• Using shoe inserts that support the arch of your foot and provide extra cushioning
  • Wearing night splints while sleeping to keep the plantar fascia limber
  • Thoroughly stretching the plantar fascia, Achilles tendon and calf muscles after running
  • Warming up for five minutes before running to activate your ankle, foot and leg muscles
  • Ice your plantar fascia for 10-15 minutes after running

If you’re experiencing increasing pain, consider taking a break from running until your symptoms improve. During this time, walking or aqua jogging may serve as low-impact alternatives so you can continue doing cardio exercises without worsening your condition.

How to Prevent Plantar Fasciitis if You Love to Run

Here are some tips to consider for preventing plantar fasciitis if you love to run:

  • Wear proper shoes: Make sure your shoes are running-specific and fit correctly. If your shoes fit properly, there should be one-half-inch between your longest toes and the end of your shoe when standing with your weight evenly distributed on each foot. Running-specific shoes will provide sufficient arch support to help prevent plantar fasciitis from occurring.
  • Make gradual changes to your routine: Since sudden changes in running habits often lead to plantar fasciitis, make sure you introduce changes gradually when increasing your duration, distance or intensity.
  • Consider orthotics: If you have abnormal foot or gait dynamics like flat feet, high arches or overpronation, orthotic shoe inserts can provide the proper support to your foot and ankle to prevent plantar fasciitis. Consider custom orthotics from a podiatrist to ensure your orthotics support your foot and ankle properly.
  • Warm up before running: Warmups are essential for any exercise to keep your muscles flexible and ensure they’re well supplied with oxygen. Since tight calf muscles are commonly associated with plantar fasciitis, it’s important that these muscles are limber before you run to prevent plantar fasciitis.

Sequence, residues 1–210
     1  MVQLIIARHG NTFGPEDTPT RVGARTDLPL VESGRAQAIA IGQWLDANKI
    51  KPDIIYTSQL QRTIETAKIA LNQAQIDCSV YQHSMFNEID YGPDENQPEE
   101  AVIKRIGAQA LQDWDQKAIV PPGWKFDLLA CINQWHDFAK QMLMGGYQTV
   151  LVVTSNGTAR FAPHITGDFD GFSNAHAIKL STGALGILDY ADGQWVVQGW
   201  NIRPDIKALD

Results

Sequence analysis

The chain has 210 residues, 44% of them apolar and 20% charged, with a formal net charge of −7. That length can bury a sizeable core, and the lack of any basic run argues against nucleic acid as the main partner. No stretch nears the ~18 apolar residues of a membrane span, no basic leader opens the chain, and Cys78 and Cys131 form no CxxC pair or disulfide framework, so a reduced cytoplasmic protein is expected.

• Stretch after every run: For the same reason that warming up is necessary before running, stretching is essential after running to release the tension in your calf muscles, Achilles tendon and plantar fascia induced by running.
  • Maintain a healthy weight: Since extra weight can put increased stress on the plantar fascia, it’s helpful to maintain a healthy weight to lower your risk of experiencing plantar fasciitis.
  • Replace worn-out running shoes: Worn-out running shoes provide inadequate support to prevent plantar fasciitis. When you notice the soles losing tread or your shoes providing diminished ankle support, it’s time to replace them.
  • Run on grass instead of concrete: Running exclusively on hard surfaces puts excess strain on the plantar fascia, so try to switch up your running locations. Grass transmits less shock to the plantar fascia than concrete or other hard surfaces. 

For additional running tips, check out Dr. Lundborg’s Tips and Tricks for Running!

When to See a Doctor

If you’ve tried various at-home treatments like the rest, ice, compression and elevation (RICE) method or over-the-counter (OTC) orthotics without experiencing relief from your plantar fasciitis pain, it’s time to see a doctor. You should also seek medical attention for plantar fasciitis pain from running if you’re experiencing constant heel pain or can’t bear weight on your heel without pain.

Visit Foot & Ankle Surgical Associates for Plantar Fasciitis Care

At Foot & Ankle Associates, our podiatrists can provide the care you need for your plantar fasciitis to keep running or get back to the sport you love. For an appointment or more information about the link between running and plantar fasciitis, we welcome you to call us today at (360) 754-3338.

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An affiliate of FASA Family Wellness PLLC
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An affiliate of FASA Family Wellness PLLC